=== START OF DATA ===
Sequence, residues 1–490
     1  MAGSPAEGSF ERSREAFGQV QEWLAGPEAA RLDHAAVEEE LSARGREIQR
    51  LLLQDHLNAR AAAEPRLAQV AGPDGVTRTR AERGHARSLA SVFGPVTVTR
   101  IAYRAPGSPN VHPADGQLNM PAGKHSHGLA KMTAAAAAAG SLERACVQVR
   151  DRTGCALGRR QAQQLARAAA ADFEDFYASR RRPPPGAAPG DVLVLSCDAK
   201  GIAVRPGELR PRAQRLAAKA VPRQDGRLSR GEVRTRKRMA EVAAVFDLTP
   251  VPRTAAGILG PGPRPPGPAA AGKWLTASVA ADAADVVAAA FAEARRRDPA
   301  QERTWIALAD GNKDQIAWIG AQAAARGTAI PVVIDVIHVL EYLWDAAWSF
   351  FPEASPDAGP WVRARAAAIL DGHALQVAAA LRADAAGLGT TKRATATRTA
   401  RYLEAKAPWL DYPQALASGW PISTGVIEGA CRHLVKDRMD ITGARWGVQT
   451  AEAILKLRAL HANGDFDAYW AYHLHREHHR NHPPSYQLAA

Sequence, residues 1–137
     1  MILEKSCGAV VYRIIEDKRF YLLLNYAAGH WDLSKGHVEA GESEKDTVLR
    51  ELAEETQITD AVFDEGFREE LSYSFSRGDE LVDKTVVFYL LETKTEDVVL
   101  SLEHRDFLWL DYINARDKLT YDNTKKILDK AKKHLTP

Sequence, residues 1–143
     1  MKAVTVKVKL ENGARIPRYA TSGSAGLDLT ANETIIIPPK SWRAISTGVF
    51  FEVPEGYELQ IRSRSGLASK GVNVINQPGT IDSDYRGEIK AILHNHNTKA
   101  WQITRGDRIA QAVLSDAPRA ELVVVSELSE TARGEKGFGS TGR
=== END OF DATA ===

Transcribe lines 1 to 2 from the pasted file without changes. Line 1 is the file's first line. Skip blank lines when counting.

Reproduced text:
Sequence, residues 1–490
     1  MAGSPAEGSF ERSREAFGQV QEWLAGPEAA RLDHAAVEEE LSARGREIQR